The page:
Because the settlers who have emigrated to Israel from Europe and who are still arriving there today to grab more land from Palestinians have absolutely no anthropological,geneological and racial linkage with the ancient Hebrew tribes of CANAAN where the Kingdom of Israel was established by the biblical King Saul.The settlers from Europe are mostly generations of East Europeans of the Slavic stock (race).Even the founders of Israel in 1948 were mostly East European including Poles,Russians,Ukrainians etc.The ancestors of these East Europeans were originally Christians who converted to Judaism(Jewish religion) before the Middle Ages.
      The source of the problem in the Holy Land (Palestine),Mr egteSafrican, is the ideology and movement of Zionism which postulates that all believers of Judaism(Jews) have a right to go and settle in Palestine, dispossessing the non-Jewish Palestinian community of Christians,Muslims and other sects in the process thus engendering the perpetual conflict. The analogy would be for example if all the Catholics of the world today launch a movement like Zionism and claim the right of all Catholics to emigrate to the Vatican or all Muslims to claim the right to go and settle in Mecca,Saudi Arabia !!!.
      Judaism as a religion traces its origins to Prophet Abraham who arrived in CANAAN(as Palestine was then called) from SUMERIA( current Iraq ).When the area was conquered by the Ancient Egyptian neighbors the Judaic followers were taken captives and transported to Egypt where they were enslaved by the Pharoes( Kings of Egypt ). Centuries had to elapse before the coming of Prophet Moses who defeated one of the Pharoes and liberated the Jews from captivity by leading them back to CANAAN.The Zionist Jews( not all Jews are Zionists) have adopted the language of the Judaic religion, ancient HEBREW as the language of Israeli citizens such that all setllers are compelled to learn and speak the language to fully become bonafide Israelis.They use their native European languages only in their households.This has been the strategy of the Zionists to reinforce their their bogus claim of ethnical origin to the ancient CANAANITES who adopted Judaism.In this regard the current Palestinians are at a disadvantage in that they, like their northern neighbors the Lebanese(who were known as Phonecians) had over the centuries abandoned their native languages and became ARABISED thereby adopting the Arabic language since the 5th century.AD.
      That’s the reason the Palestinian community of Christians,Muslims speak Arabic.

  2. Interesting, informative and prescient perspective. The one thing I see is that while Israel has not necessarily handled the situation well, the Hamas government makes negotiations difficult as their overall goals end with the complete annihilation of Israel as a state. The Covenant of Hamas clearly states “Israel will exist and will continue to exist until Islam will obliterate it, just as it obliterated others before it.” The struggle for land loses legitimacy due to the tactics of the government, it is hard to fathom any state that would negotiate with an adversary with such intentions. Now stuck behind Hamas are the Palestinian people, who are as you described suffering a disproportionate brunt of the violence in this and all conflicts between the two states. This is indeed a humanitarian issue that we as sentient beings should be concerned. It must also be stated that Israel has a hand in the initial creation and early stage support of Hamas, the intention was to create a Palestinian counterbalance to Arafat and the PLO. In my opinion the underlying problem that Palestine faces is the lack of legitimate representation that has only the interests of Palestine and its people as its aims. Hezbollah, Hamas, Fatah etc. all seem to be actors serving as proxies using Palestine as a means to engage Israel. For a true solution both Israel and Palestine must face these harsh but resolvable realities.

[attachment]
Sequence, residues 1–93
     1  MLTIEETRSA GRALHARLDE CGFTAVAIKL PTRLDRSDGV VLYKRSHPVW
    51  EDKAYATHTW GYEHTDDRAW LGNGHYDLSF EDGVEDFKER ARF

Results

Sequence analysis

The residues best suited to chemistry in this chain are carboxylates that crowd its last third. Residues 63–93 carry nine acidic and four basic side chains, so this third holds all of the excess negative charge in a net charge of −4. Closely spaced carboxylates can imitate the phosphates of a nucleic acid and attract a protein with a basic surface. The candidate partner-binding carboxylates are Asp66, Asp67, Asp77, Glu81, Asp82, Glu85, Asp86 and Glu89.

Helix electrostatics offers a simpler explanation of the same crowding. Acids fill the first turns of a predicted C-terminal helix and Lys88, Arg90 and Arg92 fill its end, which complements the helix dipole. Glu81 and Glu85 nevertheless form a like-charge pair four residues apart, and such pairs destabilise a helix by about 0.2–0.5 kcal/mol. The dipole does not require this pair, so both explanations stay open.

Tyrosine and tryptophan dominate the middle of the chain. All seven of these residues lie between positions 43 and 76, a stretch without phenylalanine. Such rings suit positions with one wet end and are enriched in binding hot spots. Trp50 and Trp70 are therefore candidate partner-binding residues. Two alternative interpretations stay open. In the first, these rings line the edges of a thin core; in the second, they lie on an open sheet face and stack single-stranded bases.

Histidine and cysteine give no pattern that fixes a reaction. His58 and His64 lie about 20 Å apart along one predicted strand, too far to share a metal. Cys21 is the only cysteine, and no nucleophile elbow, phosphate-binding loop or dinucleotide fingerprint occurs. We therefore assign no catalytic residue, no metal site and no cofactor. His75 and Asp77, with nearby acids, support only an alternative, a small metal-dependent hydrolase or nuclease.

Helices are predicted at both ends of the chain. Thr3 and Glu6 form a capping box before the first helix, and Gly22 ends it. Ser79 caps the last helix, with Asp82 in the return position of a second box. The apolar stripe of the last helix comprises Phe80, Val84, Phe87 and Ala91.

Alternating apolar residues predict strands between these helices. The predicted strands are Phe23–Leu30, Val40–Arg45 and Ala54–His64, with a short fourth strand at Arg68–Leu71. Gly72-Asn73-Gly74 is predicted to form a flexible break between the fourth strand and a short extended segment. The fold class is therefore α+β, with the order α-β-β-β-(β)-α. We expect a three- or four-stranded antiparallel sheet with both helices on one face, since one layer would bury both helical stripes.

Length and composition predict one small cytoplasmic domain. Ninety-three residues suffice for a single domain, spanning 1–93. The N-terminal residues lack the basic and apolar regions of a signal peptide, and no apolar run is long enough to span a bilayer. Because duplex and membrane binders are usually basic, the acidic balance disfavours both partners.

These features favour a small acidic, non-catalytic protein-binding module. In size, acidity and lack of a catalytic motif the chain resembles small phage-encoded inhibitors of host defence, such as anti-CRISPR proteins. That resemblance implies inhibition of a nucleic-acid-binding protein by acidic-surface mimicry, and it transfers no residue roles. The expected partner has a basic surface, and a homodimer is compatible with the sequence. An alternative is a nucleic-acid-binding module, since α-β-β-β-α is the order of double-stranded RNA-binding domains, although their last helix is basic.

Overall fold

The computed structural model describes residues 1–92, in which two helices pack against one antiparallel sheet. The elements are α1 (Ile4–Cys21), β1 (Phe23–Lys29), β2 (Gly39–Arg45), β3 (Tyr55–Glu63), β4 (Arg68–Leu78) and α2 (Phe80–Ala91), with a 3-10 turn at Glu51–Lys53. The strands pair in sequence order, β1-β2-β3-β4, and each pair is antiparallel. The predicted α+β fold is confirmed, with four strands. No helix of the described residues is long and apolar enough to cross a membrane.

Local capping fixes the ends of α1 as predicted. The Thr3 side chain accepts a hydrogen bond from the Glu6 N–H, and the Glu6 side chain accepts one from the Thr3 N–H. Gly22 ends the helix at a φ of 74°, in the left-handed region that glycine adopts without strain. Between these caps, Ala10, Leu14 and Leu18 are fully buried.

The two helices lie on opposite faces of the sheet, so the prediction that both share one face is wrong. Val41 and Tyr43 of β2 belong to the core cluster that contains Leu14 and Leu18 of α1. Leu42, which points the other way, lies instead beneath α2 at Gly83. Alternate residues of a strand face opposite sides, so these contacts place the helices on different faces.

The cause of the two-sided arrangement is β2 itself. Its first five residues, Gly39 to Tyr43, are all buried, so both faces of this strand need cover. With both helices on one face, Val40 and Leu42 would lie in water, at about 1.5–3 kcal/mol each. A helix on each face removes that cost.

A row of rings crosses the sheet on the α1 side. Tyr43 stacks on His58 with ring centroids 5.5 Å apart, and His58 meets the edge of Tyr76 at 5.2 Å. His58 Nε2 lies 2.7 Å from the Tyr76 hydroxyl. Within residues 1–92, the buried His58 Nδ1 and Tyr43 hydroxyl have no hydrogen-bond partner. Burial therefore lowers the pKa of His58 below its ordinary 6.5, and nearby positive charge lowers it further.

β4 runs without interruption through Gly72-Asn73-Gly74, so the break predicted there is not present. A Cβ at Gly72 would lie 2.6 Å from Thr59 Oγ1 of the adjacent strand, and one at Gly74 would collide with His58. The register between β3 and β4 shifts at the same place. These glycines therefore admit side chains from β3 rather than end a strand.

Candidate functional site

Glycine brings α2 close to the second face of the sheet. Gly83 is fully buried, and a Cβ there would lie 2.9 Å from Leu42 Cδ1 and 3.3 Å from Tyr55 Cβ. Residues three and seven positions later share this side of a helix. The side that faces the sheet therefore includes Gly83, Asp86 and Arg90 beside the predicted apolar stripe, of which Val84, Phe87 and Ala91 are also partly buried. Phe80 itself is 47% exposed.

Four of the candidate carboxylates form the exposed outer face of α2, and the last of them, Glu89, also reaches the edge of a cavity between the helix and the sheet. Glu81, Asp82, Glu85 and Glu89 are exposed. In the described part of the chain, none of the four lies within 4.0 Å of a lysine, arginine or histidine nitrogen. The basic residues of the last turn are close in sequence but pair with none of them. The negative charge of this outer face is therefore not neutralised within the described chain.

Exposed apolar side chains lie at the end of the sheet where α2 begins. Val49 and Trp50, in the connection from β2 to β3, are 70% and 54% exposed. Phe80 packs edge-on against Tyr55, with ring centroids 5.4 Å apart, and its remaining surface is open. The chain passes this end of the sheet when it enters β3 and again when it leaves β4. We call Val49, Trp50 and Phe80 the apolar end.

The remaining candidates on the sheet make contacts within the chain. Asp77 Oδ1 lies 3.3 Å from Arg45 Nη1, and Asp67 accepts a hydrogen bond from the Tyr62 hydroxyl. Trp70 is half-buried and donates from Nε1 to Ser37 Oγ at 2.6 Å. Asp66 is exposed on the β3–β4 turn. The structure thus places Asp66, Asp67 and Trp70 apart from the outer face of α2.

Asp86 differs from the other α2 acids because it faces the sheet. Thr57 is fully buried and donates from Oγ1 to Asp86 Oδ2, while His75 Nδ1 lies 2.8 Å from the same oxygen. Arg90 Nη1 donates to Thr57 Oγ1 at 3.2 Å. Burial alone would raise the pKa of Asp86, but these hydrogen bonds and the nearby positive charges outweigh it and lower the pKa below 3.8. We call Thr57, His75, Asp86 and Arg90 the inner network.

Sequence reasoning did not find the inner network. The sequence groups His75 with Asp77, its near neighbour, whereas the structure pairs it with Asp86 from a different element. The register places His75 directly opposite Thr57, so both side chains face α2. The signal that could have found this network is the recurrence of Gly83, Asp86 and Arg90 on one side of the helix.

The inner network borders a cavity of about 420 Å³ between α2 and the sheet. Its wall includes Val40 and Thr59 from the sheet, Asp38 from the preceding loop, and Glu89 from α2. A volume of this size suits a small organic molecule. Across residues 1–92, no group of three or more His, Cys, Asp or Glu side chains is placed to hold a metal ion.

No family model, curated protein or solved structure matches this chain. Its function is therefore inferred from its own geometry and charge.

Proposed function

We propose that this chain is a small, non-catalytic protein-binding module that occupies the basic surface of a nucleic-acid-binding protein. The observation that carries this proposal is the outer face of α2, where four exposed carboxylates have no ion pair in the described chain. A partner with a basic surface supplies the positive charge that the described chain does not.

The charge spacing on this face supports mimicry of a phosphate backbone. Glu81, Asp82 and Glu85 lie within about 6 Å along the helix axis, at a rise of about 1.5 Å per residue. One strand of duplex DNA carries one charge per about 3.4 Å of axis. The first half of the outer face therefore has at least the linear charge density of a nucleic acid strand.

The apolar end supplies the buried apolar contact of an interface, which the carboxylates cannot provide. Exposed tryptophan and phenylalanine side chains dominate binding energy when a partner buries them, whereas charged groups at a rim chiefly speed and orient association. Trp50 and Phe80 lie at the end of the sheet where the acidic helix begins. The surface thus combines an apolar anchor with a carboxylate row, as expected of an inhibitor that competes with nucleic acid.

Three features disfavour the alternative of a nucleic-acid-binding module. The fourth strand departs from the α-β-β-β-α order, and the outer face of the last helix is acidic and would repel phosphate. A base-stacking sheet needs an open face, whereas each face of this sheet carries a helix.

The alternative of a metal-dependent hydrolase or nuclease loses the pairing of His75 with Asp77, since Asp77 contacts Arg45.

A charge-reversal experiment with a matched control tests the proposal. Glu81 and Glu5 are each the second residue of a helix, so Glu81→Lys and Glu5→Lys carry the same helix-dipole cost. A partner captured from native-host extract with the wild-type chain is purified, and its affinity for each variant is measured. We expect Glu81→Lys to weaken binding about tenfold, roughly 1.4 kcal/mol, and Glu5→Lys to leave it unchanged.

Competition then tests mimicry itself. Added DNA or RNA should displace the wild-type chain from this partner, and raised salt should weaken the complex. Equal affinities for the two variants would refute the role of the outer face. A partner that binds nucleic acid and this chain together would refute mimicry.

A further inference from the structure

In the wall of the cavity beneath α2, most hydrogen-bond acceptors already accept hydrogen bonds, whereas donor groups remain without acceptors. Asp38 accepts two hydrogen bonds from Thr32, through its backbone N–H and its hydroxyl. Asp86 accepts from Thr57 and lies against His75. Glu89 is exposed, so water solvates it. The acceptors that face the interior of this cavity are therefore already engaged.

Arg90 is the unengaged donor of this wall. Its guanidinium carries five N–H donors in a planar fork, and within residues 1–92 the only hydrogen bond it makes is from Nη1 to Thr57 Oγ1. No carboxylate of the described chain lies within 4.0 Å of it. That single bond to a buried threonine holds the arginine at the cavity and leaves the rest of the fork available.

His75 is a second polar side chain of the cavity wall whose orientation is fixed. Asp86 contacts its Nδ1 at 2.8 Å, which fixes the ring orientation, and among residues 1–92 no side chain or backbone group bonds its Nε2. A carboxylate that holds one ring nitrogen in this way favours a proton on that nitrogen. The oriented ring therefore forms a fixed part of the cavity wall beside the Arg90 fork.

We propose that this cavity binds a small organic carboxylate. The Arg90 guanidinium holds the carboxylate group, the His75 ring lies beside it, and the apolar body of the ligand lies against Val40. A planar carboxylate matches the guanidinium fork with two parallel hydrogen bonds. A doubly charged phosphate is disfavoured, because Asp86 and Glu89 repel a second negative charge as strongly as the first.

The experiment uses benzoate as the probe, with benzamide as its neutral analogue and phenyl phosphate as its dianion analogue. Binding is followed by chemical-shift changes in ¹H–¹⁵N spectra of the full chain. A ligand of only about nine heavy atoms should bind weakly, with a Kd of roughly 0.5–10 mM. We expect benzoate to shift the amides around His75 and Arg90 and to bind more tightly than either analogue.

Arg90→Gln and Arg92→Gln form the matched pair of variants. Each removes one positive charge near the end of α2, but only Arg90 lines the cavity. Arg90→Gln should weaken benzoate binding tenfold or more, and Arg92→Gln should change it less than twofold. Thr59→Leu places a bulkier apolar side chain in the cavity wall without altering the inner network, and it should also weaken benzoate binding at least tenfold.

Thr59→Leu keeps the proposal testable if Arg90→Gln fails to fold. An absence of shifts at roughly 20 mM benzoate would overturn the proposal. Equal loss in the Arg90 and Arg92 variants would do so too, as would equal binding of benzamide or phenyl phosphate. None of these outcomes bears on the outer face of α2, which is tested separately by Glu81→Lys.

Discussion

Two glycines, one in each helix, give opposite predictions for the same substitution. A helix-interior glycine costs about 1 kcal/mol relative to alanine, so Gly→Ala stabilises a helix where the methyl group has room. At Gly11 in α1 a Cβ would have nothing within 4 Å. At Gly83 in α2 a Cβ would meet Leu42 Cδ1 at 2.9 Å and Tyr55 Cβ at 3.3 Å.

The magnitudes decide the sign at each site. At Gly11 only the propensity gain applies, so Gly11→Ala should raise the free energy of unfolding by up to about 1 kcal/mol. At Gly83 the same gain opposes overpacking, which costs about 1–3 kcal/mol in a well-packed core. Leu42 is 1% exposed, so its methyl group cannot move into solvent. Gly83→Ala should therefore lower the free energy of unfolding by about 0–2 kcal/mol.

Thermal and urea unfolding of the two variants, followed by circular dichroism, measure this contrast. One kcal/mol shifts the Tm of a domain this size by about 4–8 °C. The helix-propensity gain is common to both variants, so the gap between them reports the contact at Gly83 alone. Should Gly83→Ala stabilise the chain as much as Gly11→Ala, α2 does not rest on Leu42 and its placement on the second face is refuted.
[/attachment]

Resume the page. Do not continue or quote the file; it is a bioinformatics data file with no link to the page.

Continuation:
3. The anonymous commentator above is very fair and balanced. why people are biased by feeling sorry for Palestinians while the current eruption came about because of abduction and later killing of Israeli youths by Hamas, Palestinian. Israel is doing the right thing, ,defend and send strong message. criminal acts will be answered by force. No doubt civilian and children losses are regrettable even by IDF ( seen video report) but who picked the fight?. Back in history ( 6-day war etc) had intention to eradicate the Israel nation but failed, repeatedly and got beaten in return. peaceful co-existence is the answer. Mwalimu Nyerere said “Vita havina macho” on Ugand’s Idi Amin War. So, innocent lives will b elost when war ensues and Palestinian started current war

  4. I think the real question here evolves around moral high ground, one could easily argue here that Israel on her part is loosing that moral high ground and this to some degree has led a greater resentment from the international community towards Israel. While not denying Israel’s right to protect is self, the manner in which it has responded against these attacks and the extreme force used will make any sane individual question such actions. What does Israel have to loose with a little self restraint and minimizing collateral damage? I mean hasn’t her message being heard loud and clear? It is time for both parties to come to terms for the sake of the all the innocent lives and the destruction that this war has caused to both civilian populations. In essence both parties are wrong on this one and egos need to be set aside.